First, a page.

Why Criticizing Science as “Biased” Gets Us Nowhere; An Example with Fox News

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Hi all,

I am always fascinated to hear claims that particular scientific studies are, “biased”. While it is true that there is a lot of unscientific and fradulant findings being published all the time, we need to understand that scientists are people, who hold values and have opinions just as we do. What makes a good scientist is being able to create an objective platform from which empirical research can be conducted. A scientist, or any good thinker for that matter, needs to be able to disconnect their work from their values, beliefs, and attitudes. That being said, it is unreasonable to expect someone to go into science if they have no interest in what their are studying. However, it seems that is what we sometimes expect.

In a recent Fox News article, contributor Kelley Beaucar Vlahos discusses criticism (including her own) of some of the scientific studies that influenced New York State’s recent ban of hydraulic fracturing for natural gas. Vlahos accuses the scientists of being “biased” and having ties to the “anti-fracking movement”. This report was peer reviewed, a process that is used to maintain scientific integrity. As reported, the peer reviewers did not know the authors. Furthermore, as a scientist myself (well, studying to be one), I can tell you that the peer review process is often blind, meaning that the authors have no idea who is reviewing their paper and the reviewers do not know whose paper it is at the time of review. The article, however, claims that the authors as well as reviewers were biased, as they are opposed to hydraulic fracturing. What it does not discuss, is why they are opposed. Does their opposition stem from some of their findings as well as other peer reviewed science? Someone is not just simply born a “fractivist”. Scientific studies need to be assessed by their methodology, not the personal characteristics of the scientist. There is no doubt that our attitudes and values affect how we filter information, which can certainly influence how we view findings, but part of being a good scientist is being aware of this.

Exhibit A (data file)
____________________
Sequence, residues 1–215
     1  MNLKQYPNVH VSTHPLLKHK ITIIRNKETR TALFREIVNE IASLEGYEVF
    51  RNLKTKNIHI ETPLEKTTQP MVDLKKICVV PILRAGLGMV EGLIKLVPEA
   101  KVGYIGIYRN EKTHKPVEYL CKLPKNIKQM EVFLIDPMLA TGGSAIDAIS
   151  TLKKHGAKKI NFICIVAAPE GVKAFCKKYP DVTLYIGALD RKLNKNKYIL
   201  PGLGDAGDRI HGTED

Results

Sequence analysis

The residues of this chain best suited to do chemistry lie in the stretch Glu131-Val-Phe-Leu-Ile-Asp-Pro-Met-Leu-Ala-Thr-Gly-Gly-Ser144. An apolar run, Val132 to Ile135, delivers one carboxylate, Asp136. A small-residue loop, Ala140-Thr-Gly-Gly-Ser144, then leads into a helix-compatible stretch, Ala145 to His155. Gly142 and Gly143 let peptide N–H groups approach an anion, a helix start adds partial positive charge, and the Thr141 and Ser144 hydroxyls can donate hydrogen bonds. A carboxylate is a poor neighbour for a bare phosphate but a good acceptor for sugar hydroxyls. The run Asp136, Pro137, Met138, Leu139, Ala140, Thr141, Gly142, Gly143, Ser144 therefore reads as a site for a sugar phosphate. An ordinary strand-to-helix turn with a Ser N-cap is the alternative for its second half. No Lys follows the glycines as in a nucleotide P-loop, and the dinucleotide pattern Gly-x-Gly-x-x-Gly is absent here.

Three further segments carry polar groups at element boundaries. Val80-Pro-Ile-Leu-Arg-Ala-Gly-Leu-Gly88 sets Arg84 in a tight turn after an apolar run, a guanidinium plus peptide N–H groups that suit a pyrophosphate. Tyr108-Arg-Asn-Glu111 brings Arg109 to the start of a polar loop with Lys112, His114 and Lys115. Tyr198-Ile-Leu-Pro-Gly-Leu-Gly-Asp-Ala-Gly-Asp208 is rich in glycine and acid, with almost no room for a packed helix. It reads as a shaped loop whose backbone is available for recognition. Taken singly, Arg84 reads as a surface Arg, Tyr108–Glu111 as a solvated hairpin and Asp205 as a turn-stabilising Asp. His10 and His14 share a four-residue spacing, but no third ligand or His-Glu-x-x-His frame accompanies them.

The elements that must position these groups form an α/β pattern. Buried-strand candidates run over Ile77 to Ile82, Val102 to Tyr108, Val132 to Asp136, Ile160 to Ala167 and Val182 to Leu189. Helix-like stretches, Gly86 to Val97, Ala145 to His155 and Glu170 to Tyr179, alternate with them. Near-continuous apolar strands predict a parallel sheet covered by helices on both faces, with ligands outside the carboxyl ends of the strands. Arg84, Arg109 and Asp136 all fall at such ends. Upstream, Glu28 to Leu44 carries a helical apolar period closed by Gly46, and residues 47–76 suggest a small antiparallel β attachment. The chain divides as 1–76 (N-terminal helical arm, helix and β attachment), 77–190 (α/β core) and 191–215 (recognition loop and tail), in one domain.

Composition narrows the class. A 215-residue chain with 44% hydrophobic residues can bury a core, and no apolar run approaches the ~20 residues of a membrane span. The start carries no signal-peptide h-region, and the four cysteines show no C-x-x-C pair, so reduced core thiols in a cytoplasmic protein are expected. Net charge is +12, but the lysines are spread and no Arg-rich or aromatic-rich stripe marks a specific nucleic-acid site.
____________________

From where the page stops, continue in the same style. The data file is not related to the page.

Finally, the article claims that the scientists did not disclose their political views, etc. in the paper. While it is a standard to disclose conflicts re: financing, stake in ownership, etc., in science, it is not standard to have to disclose political views. For example, do I need to say that I am a “environmentalist, vegetarian…etc.” anytime I write something? Furthermore, if the way to eliminate bias is just to have “pro-fracking” scientists have their own study and then “anti-fracking” scientists have their study, why even have science? That would just be politics.

Dismissing peer-reviewing science as “biased” is totalitarian. It is an attempt to look past important findings that we may not like, which is exactly what Vlahos and Fox News are doing in this instance. We definitely need to understanding the context of scientific studies and it, but there is no purely “objective” study, at the very least there are values implicit in how we measure things. Although minimal, science needs some human input or else there would be no studies; but discarding studies as “biased” that go against your agenda, as opposed to challenging yourself, doesn’t do us any good.

Happy Hermiting, folks.